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What are Concrete Domains?

SNOMED CT is based on relationships between concepts, structured and constrained by the Machine Readable Content Model (MRCM), and represented and distributed using the RF2 release file format. The OWL based Description Logic (DL) supports the use of classification tools to infer relationships that are not directly stated in concepts, and hence provide additional meaning and context, however there are challenges when concept attributes need to express fixed values.

In the case of numerics - for example the weight of a particular medicinal substance used in a drug product - it is desirable to be able to represent that amount, and then be able to ask questions like "List all drugs that contain >= 100mg of Paracetamol".

A work around for this particular attribute was put in place in 2017, namely to create a concept to represent every number needed in the International Drug Model. This solution results in fully correct classification, and in particular has facilitated progression of the Drug Model implementation, however it also has several drawbacks, particularly when needing to make comparisons and check for equivalencies.

The drawbacks of using concepts as numbers can be resolved by defining concrete values within SNOMED CT in a way that still fully supports classification to reveal inferred relationships, whilst enabling numeric operator comparisons and (subject to appropriate modelling) equivalences between different units to be detected.

Concrete Domains are a means for the SNOMED CT DL to express concrete objects (such as numbers) and predefined predicates on these objects (such as numerical comparisons) when defining concepts, in a way that still supports classification and inferred relationships.

How are Concrete Domains supported in the Authoring Platform?

The Authoring Platform (AP) supports the following concrete value data types:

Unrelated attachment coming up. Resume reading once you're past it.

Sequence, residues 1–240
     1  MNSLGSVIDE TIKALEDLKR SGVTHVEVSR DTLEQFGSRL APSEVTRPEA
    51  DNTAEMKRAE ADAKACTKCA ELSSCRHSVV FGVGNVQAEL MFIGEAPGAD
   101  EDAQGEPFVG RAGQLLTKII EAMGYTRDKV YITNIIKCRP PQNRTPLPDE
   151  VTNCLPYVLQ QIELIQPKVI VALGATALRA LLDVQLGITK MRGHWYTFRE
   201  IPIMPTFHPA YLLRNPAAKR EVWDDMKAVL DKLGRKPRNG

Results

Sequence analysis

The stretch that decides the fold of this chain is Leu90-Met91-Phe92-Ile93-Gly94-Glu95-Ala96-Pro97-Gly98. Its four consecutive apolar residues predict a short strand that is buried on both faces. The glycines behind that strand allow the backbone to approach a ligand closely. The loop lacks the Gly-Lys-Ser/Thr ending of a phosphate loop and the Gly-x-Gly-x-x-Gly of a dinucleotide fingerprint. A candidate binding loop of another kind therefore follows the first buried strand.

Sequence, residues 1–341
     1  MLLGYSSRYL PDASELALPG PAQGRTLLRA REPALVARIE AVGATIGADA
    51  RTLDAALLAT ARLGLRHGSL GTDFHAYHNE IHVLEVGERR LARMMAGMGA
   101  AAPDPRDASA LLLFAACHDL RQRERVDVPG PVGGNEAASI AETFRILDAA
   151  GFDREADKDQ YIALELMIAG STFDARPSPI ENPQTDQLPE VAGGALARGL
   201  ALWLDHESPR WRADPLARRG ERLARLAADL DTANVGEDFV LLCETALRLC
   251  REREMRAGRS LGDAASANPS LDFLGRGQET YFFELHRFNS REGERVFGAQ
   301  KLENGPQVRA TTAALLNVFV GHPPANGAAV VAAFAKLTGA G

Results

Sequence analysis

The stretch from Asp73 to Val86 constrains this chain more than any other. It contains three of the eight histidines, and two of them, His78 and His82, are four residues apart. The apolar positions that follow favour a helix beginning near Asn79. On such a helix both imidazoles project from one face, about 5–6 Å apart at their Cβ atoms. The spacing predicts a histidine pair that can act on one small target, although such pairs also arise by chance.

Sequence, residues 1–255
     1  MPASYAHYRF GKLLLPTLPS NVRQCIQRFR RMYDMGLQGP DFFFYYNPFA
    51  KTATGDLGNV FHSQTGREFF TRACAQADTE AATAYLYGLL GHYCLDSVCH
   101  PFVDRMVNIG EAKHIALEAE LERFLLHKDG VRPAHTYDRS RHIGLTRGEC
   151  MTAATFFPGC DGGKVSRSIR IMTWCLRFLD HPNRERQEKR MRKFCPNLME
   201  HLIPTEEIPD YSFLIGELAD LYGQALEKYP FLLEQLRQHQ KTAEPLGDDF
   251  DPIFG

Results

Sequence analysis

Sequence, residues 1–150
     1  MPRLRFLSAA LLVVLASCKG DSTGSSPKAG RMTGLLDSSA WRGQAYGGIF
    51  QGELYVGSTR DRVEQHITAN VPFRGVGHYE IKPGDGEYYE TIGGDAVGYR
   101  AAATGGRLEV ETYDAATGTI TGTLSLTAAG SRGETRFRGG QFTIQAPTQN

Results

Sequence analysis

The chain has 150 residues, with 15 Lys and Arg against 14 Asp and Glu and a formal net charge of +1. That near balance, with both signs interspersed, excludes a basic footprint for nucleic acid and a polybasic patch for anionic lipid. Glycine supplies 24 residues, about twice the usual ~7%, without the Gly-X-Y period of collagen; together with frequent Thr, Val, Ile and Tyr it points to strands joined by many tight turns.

• Integer
  • Decimal
  • String

The MRCM can apply the following types of constraints to concrete values assigned to attributes:

  • List (predefined fixed values)
  • Range (any numeric value between predefined limits; applicable to Integer and Decimal data types)

How are Concrete Domains presented in the Authoring Platform?

CD values in attribute data entry and display boxes

Attributes previously using concepts as numbers have the same FSN term when represented using concrete domains, however the target value box has a green background, and the concrete domain values don't have a semantic tag since they are no longer concepts.

Drag and drop is supported for concrete values, so the "drag handle" arrows icon  is still available, however concepts dragged from other fields, search results or taxonomy entries cannot be dropped as the target for a concrete domain attribute value, and likewise a concrete value cannot be dragged and dropped onto a concept target slot. Dropping a concrete domain value onto other concrete domain attributes will also be disabled if the drop value doesn't satisfy any MRCM constraints applicable to the target attribute.

CD values In concept model diagram views

A concrete value is represented by a solid green rectangle with diagonal lines in the corners, and the value centred within the box.

CD values in ECL expressions

Numeric values are represented in Unicode text expressions preceded by a # (hash) symbol. for example:

  • #0.09
  • #0.5
  • #99.99
  • #1
  • #20
  • #500           

Strings are represented in Unicode text enclosed by double quotes. A backslash is used as an escape character for quotes within the string, and hence any backslashes within the string also need to be escaped by an additional backslash.

  • "Product Name"
  • "Product Name \"containing\" quotes"
  • "Product Name \"containing\" quotes and a backslash (\\) character"

Where do Concrete Domains appear in the Authoring Platform?

Since concrete domains are simply a form of attribute target value, as well as the above examples from the Task - Concept - Edit Panel they can appear in any feature of the Authoring Platform that presents attributes and their values, for instance:

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